Between 2016 and 2017, some 40 different US rallies and protests were held after being promoted by the troll factory. Perhaps the most disturbing claim was that employees of the troll factory contacted about 100 US-based activists offering to help with the organization of protests and events. RBC said the activists were contacted by Facebook group administrators hiding their Russian origins who said they could pay for transport or printing costs. About $80,000 was spent during a two-year period, according to the report.
“The task wasn’t to support Trump,” one of the factory’s employees told RBC. “We raised social issues and other problems that already existed in the US, and tried to shine as bright a light as possible on them.” The employee said that because presidential candidate Hilary Clinton was part of the current government, she was also a target.
Murder of Honor
Novaya Gazeta’s investigation — Murder of Honor — about mass persecutions and killings of gay men in Chechnya probably qualifies as the most daring and shocking story of the year. Journalists at the publication discovered evidence that gay men were being detained, tortured and even killed in an anti-homosexual purge in Chechnya. After the story ran alongside a piece on surviving witnesses, religious leaders in the Russian republic of Chechnya called for the “massacre” of journalists, with 15,000 people gathering in the main mosque of Chechnya to announce a jihad against the staff of Novaya Gazeta. Shortly after a statement was released by the publication asking for government protection from the jihad, Novaya Gazeta’s website went down in a suspected distributed denial-of-service attack.
Newspapers around the world picked up the story, including The Washington Post. While international human rights organizations pushed for an investigation into the extrajudicial killings, no criminal proceedings were initiated.
For her series of investigations, Elena Milashina received the International Press Freedom Award, the Human Rights and the Rule of Law medal, the Louis M. Lyons Award for Conscience and Integrity in Journalism and the A Sakharov’s Award Journalism as a Deed.
For years, Belarusian journalist Pavel Sheremet’s reporting challenged authorities from Minsk to Moscow. Then, in July 2016, he was killed by a car bomb in the Ukrainian capital of Kiev.
While Ukraine President Petro Poroshenko called for law enforcement to find and punish those behind the attack, authorities have so far been unable to solve the case.
But journalists from GIJN member organizations Slidstvo.Info and OCCRP — Anna Babinets, Olena Loginova, Dmitro Gnap, and Vlad Lavrov — weren’t going to let the death go uninvestigated. They arrived on the scene of the crime not long after the attack and began a nine-month investigation. That research resulted in the documentary film, Killing Pavel.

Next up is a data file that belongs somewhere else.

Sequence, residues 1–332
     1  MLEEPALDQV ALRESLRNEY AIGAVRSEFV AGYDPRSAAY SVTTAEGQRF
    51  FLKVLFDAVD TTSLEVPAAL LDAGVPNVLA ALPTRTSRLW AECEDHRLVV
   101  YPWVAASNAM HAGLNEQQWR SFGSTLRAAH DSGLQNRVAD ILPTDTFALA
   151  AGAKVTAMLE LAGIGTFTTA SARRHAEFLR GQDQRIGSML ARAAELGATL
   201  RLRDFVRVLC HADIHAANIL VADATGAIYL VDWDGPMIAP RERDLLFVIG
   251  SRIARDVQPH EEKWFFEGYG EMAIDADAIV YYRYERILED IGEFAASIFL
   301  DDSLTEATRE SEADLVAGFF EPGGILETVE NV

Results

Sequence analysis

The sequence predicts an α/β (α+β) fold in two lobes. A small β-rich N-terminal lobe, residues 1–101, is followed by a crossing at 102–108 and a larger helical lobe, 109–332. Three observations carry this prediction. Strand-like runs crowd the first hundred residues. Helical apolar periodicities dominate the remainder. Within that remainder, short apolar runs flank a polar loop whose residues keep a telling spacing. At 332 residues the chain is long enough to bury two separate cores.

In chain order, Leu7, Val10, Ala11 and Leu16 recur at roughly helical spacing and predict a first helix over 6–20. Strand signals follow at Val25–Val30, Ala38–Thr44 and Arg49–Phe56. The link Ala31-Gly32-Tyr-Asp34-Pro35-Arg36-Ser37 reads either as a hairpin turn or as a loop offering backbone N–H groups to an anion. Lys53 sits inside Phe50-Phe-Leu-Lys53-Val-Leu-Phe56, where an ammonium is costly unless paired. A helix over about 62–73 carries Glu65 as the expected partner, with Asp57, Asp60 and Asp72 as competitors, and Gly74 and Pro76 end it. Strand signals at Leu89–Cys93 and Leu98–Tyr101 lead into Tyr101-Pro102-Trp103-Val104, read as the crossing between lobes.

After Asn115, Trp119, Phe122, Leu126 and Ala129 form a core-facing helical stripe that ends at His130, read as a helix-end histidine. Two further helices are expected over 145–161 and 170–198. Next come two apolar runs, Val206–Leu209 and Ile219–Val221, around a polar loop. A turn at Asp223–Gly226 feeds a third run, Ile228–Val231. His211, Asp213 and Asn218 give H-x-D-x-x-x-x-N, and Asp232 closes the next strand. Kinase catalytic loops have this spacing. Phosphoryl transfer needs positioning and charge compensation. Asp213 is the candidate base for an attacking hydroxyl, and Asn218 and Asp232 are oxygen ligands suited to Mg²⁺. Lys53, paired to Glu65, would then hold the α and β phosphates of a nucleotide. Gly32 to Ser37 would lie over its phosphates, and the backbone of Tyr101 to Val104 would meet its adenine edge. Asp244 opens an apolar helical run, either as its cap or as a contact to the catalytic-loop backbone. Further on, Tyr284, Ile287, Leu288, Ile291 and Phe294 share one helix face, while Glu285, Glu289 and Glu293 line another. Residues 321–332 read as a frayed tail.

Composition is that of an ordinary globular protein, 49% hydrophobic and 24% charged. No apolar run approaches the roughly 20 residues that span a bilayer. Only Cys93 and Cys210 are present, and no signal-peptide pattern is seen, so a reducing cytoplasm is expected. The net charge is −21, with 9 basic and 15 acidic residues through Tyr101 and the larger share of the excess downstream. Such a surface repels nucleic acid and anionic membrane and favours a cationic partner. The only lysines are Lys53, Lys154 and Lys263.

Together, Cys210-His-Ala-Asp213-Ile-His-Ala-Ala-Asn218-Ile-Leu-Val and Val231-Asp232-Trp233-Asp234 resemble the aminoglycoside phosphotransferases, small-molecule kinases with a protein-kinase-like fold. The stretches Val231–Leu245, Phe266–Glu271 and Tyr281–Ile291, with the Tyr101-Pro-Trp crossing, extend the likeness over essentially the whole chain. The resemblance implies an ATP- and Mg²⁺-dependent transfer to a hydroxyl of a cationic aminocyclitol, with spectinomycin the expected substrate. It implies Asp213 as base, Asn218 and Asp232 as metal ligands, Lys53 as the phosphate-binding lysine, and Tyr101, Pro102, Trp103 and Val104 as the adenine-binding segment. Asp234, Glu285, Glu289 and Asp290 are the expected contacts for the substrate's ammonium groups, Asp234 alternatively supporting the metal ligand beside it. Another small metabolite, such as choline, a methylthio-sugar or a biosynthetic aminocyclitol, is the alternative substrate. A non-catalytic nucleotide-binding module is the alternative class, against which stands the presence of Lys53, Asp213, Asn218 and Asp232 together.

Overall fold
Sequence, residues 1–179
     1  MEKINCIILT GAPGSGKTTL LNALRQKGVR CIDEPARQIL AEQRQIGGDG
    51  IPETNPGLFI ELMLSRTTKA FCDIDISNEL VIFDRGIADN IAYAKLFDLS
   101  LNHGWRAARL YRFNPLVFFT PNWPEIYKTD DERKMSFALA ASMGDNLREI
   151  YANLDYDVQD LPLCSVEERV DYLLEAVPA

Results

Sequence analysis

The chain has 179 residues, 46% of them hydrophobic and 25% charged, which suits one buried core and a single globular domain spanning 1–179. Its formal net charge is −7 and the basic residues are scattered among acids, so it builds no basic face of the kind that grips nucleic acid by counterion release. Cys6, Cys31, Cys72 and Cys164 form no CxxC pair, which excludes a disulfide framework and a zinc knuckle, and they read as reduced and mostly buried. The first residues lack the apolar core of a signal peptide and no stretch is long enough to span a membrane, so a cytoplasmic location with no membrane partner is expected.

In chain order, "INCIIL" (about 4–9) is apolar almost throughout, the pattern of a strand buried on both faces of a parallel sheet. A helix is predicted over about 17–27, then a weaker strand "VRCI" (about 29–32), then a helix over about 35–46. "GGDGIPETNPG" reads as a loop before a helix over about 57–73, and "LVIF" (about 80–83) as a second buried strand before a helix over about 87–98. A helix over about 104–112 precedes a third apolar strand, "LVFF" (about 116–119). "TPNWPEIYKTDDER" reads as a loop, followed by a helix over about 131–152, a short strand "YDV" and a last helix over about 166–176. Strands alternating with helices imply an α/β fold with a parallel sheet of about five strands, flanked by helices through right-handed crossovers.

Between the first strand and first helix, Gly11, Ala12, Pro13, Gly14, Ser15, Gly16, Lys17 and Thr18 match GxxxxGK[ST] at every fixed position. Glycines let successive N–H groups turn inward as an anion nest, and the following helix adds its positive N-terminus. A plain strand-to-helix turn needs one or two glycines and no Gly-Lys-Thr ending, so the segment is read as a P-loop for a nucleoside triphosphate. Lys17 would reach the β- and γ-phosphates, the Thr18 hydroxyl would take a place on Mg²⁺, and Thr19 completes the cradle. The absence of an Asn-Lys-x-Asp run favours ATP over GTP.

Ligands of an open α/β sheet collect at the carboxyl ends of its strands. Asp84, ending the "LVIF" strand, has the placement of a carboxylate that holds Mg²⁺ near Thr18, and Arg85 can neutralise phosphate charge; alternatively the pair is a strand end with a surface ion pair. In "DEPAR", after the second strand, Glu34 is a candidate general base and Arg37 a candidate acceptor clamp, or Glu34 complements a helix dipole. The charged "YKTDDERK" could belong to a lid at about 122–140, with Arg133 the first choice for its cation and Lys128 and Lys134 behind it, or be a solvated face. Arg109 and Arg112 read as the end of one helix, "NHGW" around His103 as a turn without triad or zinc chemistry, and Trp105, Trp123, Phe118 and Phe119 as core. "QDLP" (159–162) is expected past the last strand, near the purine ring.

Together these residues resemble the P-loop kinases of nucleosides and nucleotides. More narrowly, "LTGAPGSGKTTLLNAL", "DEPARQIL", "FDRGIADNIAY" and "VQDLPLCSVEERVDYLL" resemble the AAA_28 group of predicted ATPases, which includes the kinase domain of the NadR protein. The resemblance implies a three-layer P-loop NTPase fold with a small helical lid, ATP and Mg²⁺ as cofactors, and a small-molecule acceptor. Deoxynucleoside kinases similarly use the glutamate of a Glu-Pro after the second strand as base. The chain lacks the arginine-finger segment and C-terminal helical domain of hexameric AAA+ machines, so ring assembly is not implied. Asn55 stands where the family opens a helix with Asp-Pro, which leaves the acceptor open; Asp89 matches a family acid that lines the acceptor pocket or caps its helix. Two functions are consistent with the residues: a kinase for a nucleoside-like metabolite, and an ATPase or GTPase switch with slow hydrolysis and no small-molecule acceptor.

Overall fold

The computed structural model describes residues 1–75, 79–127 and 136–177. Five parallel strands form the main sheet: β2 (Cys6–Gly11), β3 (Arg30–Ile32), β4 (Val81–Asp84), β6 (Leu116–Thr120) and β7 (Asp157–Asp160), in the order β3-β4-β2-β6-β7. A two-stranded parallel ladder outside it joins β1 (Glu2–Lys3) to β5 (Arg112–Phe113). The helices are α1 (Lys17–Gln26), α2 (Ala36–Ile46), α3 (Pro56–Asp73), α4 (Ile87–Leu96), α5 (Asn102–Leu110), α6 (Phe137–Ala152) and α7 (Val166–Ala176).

Collecting video footage from surveillance cameras in the area near the incident, they carefully analyzed the night of the murder. The team found at least six witnesses who were not interrogated by police. With the help of experts from Bellingcat, they also tracked down a car belonging to former (or current) Russian intelligence officer Igor Ustimenko, who was also not interrogated by an official investigation.
After the documentary was shown, Ustimenko was finally interrogated by police, and the journalists were brought in as witnesses. Despite the progress, it’s impossible to know which way the official investigation is heading; police are keeping all court decisions secret in order, they say, to protect the lives of those “who participate in criminal proceedings.”
In response to the August statement from Russia’s ministry of defense that the presence of Russian “military volunteers” in Syria was a myth and information about their death a mockery, Russia’s Fontanka.ru published an investigation of the deaths of the Russian soldiers who didn’t make it into official statistics.
In Denis Korotkov’s investigation Wagner’s List, he discovered the lives lost in Syria were actually mercenaries from a Russian paramilitary organization, the Wagner Group.
According to his report, during the operation to liberate Palmyra in April and May 2016, approximately 32 fighters of the group were killed, while about 80 soldiers were seriously injured. From the beginning of 2017, an additional 40 to 60 mercenary soldiers were killed and 80 to 180 people were injured. Korotkov’s investigation also uncovered evidence which showed that, since the end of 2015, the private battalion group, which is part of Russian businessman Yevgeny Prigozhin’s empire, had been in Syria, and that the soldiers were trained on Defense Ministry property in the Krasnodar Region.
After the report was published, Fontanka.ru and Korotkov were threatened and a series of articles alleged connections between the reporter and terrorists. Korotkov was one of the finalists of the A Sakharov Award Journalism as a Deed and received an independent professional award, the Editorial Board prize.
The Azerbaijani Laundromat is a complex money-laundering operation and slush fund that handled $2.9 billion over a two-year period through four shell companies registered in the UK.
From 2012 to 2014, as the Azerbaijani government arrested activists and journalists (such as Radio Freedom journalist Khadija Ismayilova), members of the country’s ruling elite were using a secret slush fund to pay off European politicians, buy luxury goods and launder money. Banking records revealing some US2.9 billion (2.5 billion euro) in transactions were initally leaked to the Danish newspaper Berlingske, which shared them with OCCRP. The two outlets then organized a collaborative investigation to track down where the money went.